GCSB HQ still embroiled in fraud investigations

The Serious Fraud Office is still “plugging away” at investigations involving $50 million of Wellington property sales – including one involving the Government Security Communications Bureau HQ.

The GCSB – which has been caught up in other turmoil of its own over the past fortnight – is the main tenant in custom built offices in central Wellington, Pipitea House.

Among others, it is at the heart of a lengthy SFO investigation of property deals involving Wellington Tenths Trust, its chairman Sir Ngatata Love, and his partner and former ministerial adviser to then senior Labour minister Margaret Wilson, Lorraine Skiffington.

Pipitea House is a joint venture between the Tenths Trust and Auckland-based Redwood Group. 

It also houses the Department of Prime Minister and Cabinet, and was opened in mid-2011 by Prime Minister John Key and then head of the GCSB and now Governor General, Sir Jerry Mateparae, when it was hailed as a modern “green” building for the agencies.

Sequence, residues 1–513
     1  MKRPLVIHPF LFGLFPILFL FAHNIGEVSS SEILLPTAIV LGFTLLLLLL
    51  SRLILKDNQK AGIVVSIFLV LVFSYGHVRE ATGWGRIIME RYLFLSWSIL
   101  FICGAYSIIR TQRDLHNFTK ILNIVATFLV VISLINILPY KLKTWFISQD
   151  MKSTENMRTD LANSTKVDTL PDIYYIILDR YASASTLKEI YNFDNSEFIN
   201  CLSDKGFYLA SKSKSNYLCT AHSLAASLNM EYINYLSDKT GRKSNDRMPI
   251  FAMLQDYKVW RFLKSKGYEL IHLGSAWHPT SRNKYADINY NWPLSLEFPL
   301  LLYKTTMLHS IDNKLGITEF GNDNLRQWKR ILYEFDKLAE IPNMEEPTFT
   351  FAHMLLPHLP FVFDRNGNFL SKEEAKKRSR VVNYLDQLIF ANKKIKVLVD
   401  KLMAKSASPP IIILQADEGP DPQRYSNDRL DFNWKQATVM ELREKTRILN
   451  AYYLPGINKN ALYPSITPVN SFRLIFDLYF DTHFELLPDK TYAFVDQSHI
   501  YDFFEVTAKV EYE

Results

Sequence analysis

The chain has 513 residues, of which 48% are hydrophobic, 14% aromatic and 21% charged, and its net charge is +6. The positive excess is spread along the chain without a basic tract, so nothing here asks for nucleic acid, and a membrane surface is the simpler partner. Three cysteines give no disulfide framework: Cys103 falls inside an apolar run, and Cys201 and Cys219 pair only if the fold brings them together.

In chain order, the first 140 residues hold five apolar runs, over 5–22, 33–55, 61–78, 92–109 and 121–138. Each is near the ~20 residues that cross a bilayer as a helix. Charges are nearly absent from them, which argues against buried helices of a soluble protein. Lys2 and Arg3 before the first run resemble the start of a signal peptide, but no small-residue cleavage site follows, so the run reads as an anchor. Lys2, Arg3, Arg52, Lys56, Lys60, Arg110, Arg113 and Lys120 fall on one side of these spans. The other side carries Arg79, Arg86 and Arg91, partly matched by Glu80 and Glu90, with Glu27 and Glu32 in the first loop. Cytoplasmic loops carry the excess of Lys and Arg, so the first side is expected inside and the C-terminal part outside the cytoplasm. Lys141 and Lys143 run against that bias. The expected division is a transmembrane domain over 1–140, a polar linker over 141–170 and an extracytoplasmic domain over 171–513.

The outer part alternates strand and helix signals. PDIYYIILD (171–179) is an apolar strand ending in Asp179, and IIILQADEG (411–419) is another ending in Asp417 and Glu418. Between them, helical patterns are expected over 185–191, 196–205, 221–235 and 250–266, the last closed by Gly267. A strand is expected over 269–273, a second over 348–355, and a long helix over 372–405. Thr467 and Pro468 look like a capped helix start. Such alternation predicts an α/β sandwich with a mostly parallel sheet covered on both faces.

It is alleged Ms Skiffington was paid “consultancy fees” by Auckland property developers Kerry Knight and Tony Gapes.

Ms Skiffington, while employed by property law firm Knight Caldicutt, was also receiving “consultancy fees” to persuade the Wellington Tenths Trust to take part in the deal.

A key document in the investigation is a series of emails between Ms Skiffington and Mr Knight which raises the issue of Sir Ngatata Love’s expectations of what would be paid if the Wellington Tenths Trust was persuaded to take part in the deal.

“Ngatata will be expecting the consultancy payment to be significant. Let’s see what it actually looks like”, reads one crucial email from Ms Skiffington to Mr Knight.

What the dollars looked like were monthly payments to Ms Skiffington totalling up to $750,000 a year, then 3% of the $50 million Pipitea project, or $1.5 million.

The GCSB building deal is “certainly one of the transactions we are looking at”, acting SFO chief executive Simon McArley told NBR ONLINE. The GCSB itself, however, is not directly involved: it is the tenant of the custom-built building.

“We’re still plugging on with this ... one of these day’s we’ll come to an end. At this stage I can’t give you any detail of when or why.”

Other property deals – some of which were not completed – included payments from the Wellington City Council, for land for the upgraded bus terminal, under which Ms Skiffington was billing the council $350 an hour; and also never completed proposals to charge a “consultancy fee” of $750,000 to help facilitate a Lord of the Rings museum planned for Shelly Bay land by Sir Peter Jackson.

The museum was to be sited on land owned by the Port Nicholson Block Settlement Trust, a body also chaired by Sir Ngatata Love.